The International Potato Center (CIP) was recognized with an International IPM Award of Excellence at the 9th International Symposium on Pest Management in Baltimore, Maryland.
In the early 1990s, CIP Integrated Pest Management and plant pathology team recognized the need to take a farmer-centric approach to curb the devastating losses in potato yields from late blight infestations.
Partial or complete crop loss can be catastrophic for smallholder farmers who rely on seasonal crop yields to nourish their families in the pre-harvest lean months. While fungicides are one way to manage late blight in potato, it is often cost-prohibitive for cash-strapped farmers. An additional barrier farmers face in late blight management is access to information and technology to help making decisions on management technologies to mitigate the impact of the disease.
CIP understood that scientific innovation alone, for example the development of new potato varieties with resistance to late blight, would not minimize infestations and increase farmer crop yields. To improve the lives of smallholder farmers, information, and technology needed to be readily available to farmers in a language and context that facilitates their learning of relatively complex concepts related to the integrated management of potato late blight (IPM-LB).
Working with research and development organizations (government and NGO) partners, across three continents in Bangladesh, China, Ethiopia, Uganda, Bolivia, Ecuador and Peru, and with the financial support of the International Fund for Agricultural Development (IFAD) primarily, CIP worked to develop farmer discovery-based learning methods. This method was a two-pronged approach that looked to make the principles of late blight management more visible and understandable for farmers and to test late blight management options with a focus on new potato clones with resistance to the disease. Farmer Field Schools, a group-based learning approach, were adapted to facilitate farmers’ access to information, knowledge and technologies.
A series of Farmer Field School-Integrated Pest Management manuals were developed and published and used to train and conduct participatory research with farmers. Based on the experience, several FFS-IPM-LB manuals were developed, published and used to train and conduct participatory research with farmers. Results indicated that farmers learned new knowledge, assessed new potato clones (some of which became formal varieties), and other management options in a participatory way. Adoption was reflected in 32 per cent average increase in potato productivity and income in Peru, and similar changes occurred in the other countries.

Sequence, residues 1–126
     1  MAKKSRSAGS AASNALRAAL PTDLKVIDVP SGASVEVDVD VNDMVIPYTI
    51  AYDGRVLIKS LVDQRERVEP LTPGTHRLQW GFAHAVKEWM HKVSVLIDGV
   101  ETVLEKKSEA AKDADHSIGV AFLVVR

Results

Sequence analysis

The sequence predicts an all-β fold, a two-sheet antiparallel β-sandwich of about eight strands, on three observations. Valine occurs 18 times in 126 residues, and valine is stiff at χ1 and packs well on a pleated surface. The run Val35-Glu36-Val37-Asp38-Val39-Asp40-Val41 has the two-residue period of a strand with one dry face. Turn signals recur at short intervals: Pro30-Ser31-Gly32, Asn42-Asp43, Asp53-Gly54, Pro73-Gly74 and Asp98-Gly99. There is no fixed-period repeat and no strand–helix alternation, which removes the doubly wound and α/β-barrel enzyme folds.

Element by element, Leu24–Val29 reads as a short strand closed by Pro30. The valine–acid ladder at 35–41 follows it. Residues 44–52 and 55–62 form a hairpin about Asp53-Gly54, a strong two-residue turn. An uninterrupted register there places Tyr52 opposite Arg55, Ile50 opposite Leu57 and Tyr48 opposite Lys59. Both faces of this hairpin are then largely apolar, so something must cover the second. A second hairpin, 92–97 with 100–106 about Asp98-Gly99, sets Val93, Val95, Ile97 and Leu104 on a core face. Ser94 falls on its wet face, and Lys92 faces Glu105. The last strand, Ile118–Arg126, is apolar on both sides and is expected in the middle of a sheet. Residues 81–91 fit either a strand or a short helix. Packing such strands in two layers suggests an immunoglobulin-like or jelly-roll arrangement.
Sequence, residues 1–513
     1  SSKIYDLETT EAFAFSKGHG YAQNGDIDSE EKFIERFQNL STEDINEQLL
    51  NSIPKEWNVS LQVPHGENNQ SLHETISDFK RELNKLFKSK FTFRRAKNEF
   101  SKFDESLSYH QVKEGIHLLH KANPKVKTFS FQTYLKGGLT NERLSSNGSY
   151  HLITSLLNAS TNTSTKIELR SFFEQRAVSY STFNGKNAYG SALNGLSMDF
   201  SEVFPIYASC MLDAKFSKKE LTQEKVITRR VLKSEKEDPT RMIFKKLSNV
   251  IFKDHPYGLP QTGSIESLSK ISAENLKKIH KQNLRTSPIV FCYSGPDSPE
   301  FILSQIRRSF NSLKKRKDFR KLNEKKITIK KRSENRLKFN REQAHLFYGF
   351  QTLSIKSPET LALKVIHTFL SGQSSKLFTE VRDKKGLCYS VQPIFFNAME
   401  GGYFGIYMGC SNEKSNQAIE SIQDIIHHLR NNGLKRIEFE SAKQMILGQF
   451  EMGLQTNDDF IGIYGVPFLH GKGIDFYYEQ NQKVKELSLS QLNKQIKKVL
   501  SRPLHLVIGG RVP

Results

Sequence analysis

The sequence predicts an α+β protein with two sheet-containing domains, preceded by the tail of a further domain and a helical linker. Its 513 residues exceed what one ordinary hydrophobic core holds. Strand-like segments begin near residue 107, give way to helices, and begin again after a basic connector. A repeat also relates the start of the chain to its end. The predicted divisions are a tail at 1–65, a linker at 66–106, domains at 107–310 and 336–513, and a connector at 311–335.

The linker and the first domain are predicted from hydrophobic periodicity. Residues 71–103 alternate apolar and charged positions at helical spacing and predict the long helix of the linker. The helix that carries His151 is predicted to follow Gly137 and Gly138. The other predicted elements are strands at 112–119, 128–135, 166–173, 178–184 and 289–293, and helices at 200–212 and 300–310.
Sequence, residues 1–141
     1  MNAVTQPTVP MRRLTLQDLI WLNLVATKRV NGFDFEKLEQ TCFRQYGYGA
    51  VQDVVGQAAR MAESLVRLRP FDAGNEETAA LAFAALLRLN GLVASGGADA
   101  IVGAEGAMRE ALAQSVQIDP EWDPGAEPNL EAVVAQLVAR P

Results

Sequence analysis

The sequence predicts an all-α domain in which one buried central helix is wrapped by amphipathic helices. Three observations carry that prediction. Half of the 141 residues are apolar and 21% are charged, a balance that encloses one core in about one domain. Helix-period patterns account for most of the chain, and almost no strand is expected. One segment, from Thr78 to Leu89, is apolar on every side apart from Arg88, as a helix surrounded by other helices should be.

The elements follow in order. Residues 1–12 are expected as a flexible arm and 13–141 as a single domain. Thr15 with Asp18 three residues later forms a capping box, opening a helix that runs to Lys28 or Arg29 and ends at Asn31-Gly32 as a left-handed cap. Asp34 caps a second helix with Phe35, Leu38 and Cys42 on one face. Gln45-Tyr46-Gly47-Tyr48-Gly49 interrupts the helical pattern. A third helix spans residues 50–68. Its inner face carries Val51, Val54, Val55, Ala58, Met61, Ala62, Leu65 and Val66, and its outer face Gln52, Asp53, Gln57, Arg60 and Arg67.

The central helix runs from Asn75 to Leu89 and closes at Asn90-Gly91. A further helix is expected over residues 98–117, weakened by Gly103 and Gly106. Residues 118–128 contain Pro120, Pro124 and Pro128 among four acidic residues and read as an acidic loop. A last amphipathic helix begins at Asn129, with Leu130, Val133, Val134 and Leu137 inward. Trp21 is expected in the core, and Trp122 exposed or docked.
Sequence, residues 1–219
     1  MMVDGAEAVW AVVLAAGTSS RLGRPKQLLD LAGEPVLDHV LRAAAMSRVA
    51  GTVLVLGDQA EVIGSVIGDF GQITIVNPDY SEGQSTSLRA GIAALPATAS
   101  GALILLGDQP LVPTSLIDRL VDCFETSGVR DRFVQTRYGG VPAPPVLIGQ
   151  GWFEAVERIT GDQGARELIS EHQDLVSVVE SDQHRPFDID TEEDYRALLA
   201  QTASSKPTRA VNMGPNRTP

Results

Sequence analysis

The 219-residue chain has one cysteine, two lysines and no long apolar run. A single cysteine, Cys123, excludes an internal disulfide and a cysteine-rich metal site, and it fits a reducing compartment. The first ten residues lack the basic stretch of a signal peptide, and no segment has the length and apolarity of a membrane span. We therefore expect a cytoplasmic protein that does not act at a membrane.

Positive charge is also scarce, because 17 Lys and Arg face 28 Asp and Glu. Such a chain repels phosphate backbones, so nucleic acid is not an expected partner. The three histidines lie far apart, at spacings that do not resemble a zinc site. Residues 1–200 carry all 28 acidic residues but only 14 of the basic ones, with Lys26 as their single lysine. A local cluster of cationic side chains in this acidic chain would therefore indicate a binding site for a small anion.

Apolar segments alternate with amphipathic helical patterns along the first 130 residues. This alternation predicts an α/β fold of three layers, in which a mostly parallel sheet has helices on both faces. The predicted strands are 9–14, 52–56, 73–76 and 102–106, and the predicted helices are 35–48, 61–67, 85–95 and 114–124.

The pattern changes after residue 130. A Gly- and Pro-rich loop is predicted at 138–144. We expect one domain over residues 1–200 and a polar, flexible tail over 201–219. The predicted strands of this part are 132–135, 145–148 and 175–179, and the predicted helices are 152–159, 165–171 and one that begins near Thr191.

Putting farmers’ needs, goals, and challenges at the heart of our research has become a model for researchers of other crops to follow. The pioneering work of CIP has supported methodological innovation by other organizations. For example, between 2005 and 2012 an estimated 1,500 Farmer Field Schools have been implemented focusing on integrated pest and crop management for such diverse food sources as coffee, cocoa, fruit trees and livestock in Peru. In Uganda and Ethiopia CIP’s initial work with potato FFS has evolved to include seed management, and blossomed into the formation of seed cooperatives. The participatory research and training approach continues to be used in diverse crops, topics and countries. CIP is about to start another FFS-related project in Malawi with a focus on integrated, multi-crop and livestock management..
“It’s an honor to be recognized by the greater IPM scientific community with this award on behalf of the twelve organizations who participated in the project,” says Deputy Director General for Research, Dr. Oscar Ortiz, who attended the symposium. “Successful farmer adoption of agricultural technology, crop varieties, and practices, requires taking time to truly understand farmers and their current needs, preferences, and goals. It is in working together with government organizations, NGOs, other research organizations and the farmers themselves that we can develop viable solutions that improve the livelihoods of smallholders worldwide. We all have much to learn from one another and improve the overall agricultural innovation systems in developing countries.”
CIP would like to acknowledge our partners who were instrumental in helping to develop this approach: in Peru CARE and local Universities, in Bolivia the PROINPA Foundation, and ASAR, in Ecuador INIAP, in Uganda NARO and AFRICARE, in Ethiopia EIAR and SHDI, in Bangladesh the Tuber Crop Research Center and CARE), and in China the Chongqing Plant Protection Institute, and of course across all these countries and continents the farmers we serve. And also the very valuable financial support that came primarily from IFAD.